Winter Ride: But Why?

Winter is subjective in Calgary. Snow can fall from the sky any month of the year (seriously). And, there is always at least one real snowfall before Hallowe’en, without fail. Mother Nature usually waits until October, but sometimes it even happens in September! One such storm was so epic it was dubbed “Snowtember”.

Never fear, these are all superlatives. For eight or more months of the year, Calgary is dry, sunny sunny sunny, and an excellent climate to live in. For the other four, most of it is dry, usually with not much snow (because it’s so dry), and relatively mild for winter. Sometimes even downright hot, depending on the Chinook. (20ºC on the 20th of December? It has happened.)

Fresh tracks on the old Rideau Bridge, April 12, 2012. Photo credit: Desmond Bliek

This year, winter struck the day after Hallowe’en. Full on winter that hasn’t let up. Temperatures plummeted well below OºC and we got a good blanket of snow, everywhere. While winter solstice doesn’t happen for another six weeks or so, the studs are now on.

How we roll

We keep on riding through the winter. Sometimes we walk. Occasionally we grab a ride on the train. The first fall we moved back to Calgary, my husband made a commuting rule about snowfall and taking transit instead; he applied the rule one morning and slipped and fell on his way to the bus stop, breaking his wrist. He no longer has a rule about snowfall (or it is a much higher threshold now).

I haven’t really had much reason to “commute” in the traditional sense since we moved back to Calgary. In Vancouver, I had been a committed any-and-all weather bike commuter; upon arriving back in Calgary I had a newborn baby and no paid work to get to every day. Fast forward to 2017 and I have two kids, one of whom is now in full day school that is a long enough distance away that biking is the preferred mode of transportation and I still don’t have paid work (unless you count the pennies I make blogging). We commute to school, mostly by bike.

So, that’s what we do. Rain, sleet, hail, or snow. It’s all good. It’s tricky after a fresh snow fall, but it’s a good challenge and totally doable even with two young kids along for the ride. (Although, I could really do without the sleet and hail.)


It is now month three of school and my eldest has never had a ride to school… in the traditional sense of the expression “ride”. She has ridden herself to school and has been a passenger catching a ride on the back on my husband’s longtail cargo bike. But, she has not set foot in a car or bus to get to school. She has ridden, been a passenger in our bakfiets, or walked home for all but three occasions (when we needed to keep moving westward after school and biking didn’t work logistically-speaking because of bedtime).

This is something that I’m proud of. It also saves us a shit-tonne of money and keeps me relatively fit and sane.

When I started my new chapter of commuting actively — this time with kids, I had two small children in tow and my eldest was starting preschool. My rule was that I had to self-propel one way, at least. Three years later and now it is a rarity to take the car, if ever. I now mostly bike, but sometimes walk if I still need to squeeze in a dog walk. It’s a nice change of pace, too.

Elbow River Pathway, November 7, 2017.

I suppose that I am lucky where I live. We are within spitting distance of a world class off-street pathway system that takes me to many of my (curated) destinations. I hint at “curated” because I tend to pick and choose the businesses that I frequent or the extra-curricular activities that I sign our kids up for based on their proximity to good to excellent cycling infrastructure. We took a hit for housing size and quality in return for excellent accessibility to this network so that at least one of us could actively transport ourselves to work. I am so glad that we did.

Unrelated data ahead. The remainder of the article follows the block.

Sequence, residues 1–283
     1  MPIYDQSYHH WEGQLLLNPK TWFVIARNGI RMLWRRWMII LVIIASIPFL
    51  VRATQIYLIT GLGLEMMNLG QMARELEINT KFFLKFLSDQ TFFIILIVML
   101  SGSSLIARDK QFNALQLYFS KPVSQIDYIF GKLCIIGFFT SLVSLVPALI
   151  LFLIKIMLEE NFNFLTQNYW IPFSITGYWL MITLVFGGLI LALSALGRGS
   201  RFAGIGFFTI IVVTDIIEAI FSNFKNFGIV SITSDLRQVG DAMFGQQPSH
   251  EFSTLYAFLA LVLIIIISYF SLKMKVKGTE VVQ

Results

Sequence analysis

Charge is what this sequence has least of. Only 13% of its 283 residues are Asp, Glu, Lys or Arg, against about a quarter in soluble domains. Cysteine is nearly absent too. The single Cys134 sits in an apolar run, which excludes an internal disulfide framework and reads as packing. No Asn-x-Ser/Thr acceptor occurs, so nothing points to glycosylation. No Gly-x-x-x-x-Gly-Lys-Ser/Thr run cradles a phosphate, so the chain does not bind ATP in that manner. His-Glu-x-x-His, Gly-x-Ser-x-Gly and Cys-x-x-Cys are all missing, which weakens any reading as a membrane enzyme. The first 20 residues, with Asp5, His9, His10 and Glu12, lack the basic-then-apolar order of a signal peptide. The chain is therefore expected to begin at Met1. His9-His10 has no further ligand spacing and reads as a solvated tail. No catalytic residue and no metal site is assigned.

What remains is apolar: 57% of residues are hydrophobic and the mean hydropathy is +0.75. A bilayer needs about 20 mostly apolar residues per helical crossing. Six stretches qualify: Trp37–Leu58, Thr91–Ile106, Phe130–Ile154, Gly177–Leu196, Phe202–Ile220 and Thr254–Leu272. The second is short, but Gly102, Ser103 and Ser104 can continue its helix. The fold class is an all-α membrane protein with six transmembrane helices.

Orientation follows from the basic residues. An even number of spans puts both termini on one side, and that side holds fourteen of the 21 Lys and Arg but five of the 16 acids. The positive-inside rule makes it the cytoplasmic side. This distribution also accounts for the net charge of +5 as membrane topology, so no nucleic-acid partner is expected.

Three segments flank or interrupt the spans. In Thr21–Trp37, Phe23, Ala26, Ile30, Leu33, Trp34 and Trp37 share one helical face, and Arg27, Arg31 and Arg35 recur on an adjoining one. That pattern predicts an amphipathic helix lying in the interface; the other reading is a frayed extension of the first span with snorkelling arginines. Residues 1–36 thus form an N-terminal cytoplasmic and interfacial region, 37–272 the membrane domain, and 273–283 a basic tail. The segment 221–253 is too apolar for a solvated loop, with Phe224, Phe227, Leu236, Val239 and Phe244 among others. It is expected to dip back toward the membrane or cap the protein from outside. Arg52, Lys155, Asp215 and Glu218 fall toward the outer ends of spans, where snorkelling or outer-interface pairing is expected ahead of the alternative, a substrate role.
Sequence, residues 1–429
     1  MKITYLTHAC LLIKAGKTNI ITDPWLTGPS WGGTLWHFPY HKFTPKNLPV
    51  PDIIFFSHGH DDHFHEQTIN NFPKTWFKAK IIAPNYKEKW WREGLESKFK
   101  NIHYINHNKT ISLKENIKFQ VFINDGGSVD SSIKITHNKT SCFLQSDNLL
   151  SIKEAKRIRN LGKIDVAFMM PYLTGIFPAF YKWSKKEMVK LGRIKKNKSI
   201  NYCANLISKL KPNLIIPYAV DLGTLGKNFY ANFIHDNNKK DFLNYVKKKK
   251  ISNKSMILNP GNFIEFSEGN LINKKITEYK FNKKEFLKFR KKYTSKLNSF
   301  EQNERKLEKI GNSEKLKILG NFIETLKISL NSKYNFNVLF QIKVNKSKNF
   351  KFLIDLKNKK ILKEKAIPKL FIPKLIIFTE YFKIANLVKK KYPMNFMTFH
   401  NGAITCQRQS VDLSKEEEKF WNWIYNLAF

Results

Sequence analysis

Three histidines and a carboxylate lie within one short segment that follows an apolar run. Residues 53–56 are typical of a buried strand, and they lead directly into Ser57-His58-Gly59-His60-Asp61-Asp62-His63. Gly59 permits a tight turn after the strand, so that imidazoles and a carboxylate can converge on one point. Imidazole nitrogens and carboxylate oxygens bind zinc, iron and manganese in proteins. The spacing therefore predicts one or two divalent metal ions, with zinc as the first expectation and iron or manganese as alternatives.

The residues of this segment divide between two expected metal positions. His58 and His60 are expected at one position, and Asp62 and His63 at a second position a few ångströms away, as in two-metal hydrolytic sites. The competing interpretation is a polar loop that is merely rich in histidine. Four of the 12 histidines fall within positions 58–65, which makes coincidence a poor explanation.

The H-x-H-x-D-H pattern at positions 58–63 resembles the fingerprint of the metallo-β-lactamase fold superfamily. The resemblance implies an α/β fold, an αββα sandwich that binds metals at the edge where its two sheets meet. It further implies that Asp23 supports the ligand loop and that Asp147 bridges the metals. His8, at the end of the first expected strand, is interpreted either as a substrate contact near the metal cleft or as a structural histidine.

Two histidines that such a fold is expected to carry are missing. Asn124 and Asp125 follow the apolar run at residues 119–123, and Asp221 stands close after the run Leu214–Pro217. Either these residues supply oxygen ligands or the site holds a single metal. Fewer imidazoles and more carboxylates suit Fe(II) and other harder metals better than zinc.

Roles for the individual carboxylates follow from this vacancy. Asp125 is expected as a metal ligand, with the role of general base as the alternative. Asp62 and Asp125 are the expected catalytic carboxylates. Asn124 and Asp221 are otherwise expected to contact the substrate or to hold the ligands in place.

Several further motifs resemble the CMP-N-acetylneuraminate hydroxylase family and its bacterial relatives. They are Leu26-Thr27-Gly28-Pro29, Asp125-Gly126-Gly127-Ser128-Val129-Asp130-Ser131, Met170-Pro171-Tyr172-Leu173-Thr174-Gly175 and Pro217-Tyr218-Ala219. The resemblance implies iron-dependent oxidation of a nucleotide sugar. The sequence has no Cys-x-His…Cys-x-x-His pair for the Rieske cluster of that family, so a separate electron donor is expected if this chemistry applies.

This winter

Keep your eyes peeled on this space to read about my musings on winter riding. Things I love. Things I’m not a fan of. My favourite hacks. Special gear. Riding with kids. Cargo biking in the winter. E-assist in the winter. You name it. In fact, feel free to ask this cargo biking mom any questions in the comments section, below.

If you are in Calgary next Tuesday, November 14th,
I’m going to be a part of a small panel discussion called
“Shift Into Winter: Winter Cycling Workshop”
held at Two Wheel View from 6-8 pm.
Please RSVP, it’s free.

Winter Ride

Keep riding all winter long because you can. Because it is an awesome way to start the day. Because it is peaceful. Because we’re Canadian and we have a winter that we might as well embrace. Because YOLO.

Other posts in this series

5 Replies to “Winter Ride: But Why?”

  1. Love your informative blog! We will be watching for more….. @CanmoreCruisers

  2. Lindsay! Don’t stop biking or writing. I want to hear all about winter riding with kids on a long-tail. Ski helmets? Goggles? Do wind screens exist for rear seats? Are the same car-seat rules re: bulky clothing applicable to bike seat harnesses? How do you keep them warm? I’ve seen internet pictures of people rigging a stroller cover over a Yepp… have you tried this? Do you know someone in Calgary who uses this kind of set-up? There… three more posts worth of content for you. <3

    1. Excellent! And don’t worry, won’t stop biking or writing any time soon 🙂 Thanks for the questions!!! I’ll work at answering your them here and in person. Oh, and quick answer re longtail in snow — apparently the Haul-a-Day is doing great; that’s how M gets to school in the mornings with dad. In fact, it’s better with her than without her!

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